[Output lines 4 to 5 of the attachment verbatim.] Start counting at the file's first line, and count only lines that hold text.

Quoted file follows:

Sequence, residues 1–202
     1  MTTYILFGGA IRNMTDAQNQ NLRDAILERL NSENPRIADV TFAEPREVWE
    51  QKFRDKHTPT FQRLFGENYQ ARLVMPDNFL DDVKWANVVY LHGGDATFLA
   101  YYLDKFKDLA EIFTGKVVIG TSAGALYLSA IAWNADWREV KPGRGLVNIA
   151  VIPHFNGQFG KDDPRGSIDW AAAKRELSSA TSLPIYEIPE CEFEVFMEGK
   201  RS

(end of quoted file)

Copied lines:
   101  YYLDKFKDLA EIFTGKVVIG TSAGALYLSA IAWNADWREV KPGRGLVNIA
   151  VIPHFNGQFG KDDPRGSIDW AAAKRELSSA TSLPIYEIPE CEFEVFMEGK